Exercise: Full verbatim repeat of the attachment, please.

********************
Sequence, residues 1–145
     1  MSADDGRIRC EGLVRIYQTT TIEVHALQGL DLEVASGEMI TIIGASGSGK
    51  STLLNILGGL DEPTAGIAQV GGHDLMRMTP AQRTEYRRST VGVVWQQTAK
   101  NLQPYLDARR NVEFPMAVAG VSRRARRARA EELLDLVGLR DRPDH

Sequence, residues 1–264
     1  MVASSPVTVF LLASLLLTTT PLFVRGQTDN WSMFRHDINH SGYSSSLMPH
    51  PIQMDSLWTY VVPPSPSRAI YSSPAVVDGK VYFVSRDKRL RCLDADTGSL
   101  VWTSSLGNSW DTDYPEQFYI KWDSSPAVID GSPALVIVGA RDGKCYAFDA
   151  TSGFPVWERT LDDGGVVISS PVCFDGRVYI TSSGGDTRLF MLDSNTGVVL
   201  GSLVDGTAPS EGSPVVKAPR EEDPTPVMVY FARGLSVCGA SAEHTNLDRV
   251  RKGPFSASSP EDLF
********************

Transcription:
Sequence, residues 1–145
     1  MSADDGRIRC EGLVRIYQTT TIEVHALQGL DLEVASGEMI TIIGASGSGK
    51  STLLNILGGL DEPTAGIAQV GGHDLMRMTP AQRTEYRRST VGVVWQQTAK
   101  NLQPYLDARR NVEFPMAVAG VSRRARRARA EELLDLVGLR DRPDH

Sequence, residues 1–264
     1  MVASSPVTVF LLASLLLTTT PLFVRGQTDN WSMFRHDINH SGYSSSLMPH
    51  PIQMDSLWTY VVPPSPSRAI YSSPAVVDGK VYFVSRDKRL RCLDADTGSL
   101  VWTSSLGNSW DTDYPEQFYI KWDSSPAVID GSPALVIVGA RDGKCYAFDA
   151  TSGFPVWERT LDDGGVVISS PVCFDGRVYI TSSGGDTRLF MLDSNTGVVL
   201  GSLVDGTAPS EGSPVVKAPR EEDPTPVMVY FARGLSVCGA SAEHTNLDRV
   251  RKGPFSASSP EDLF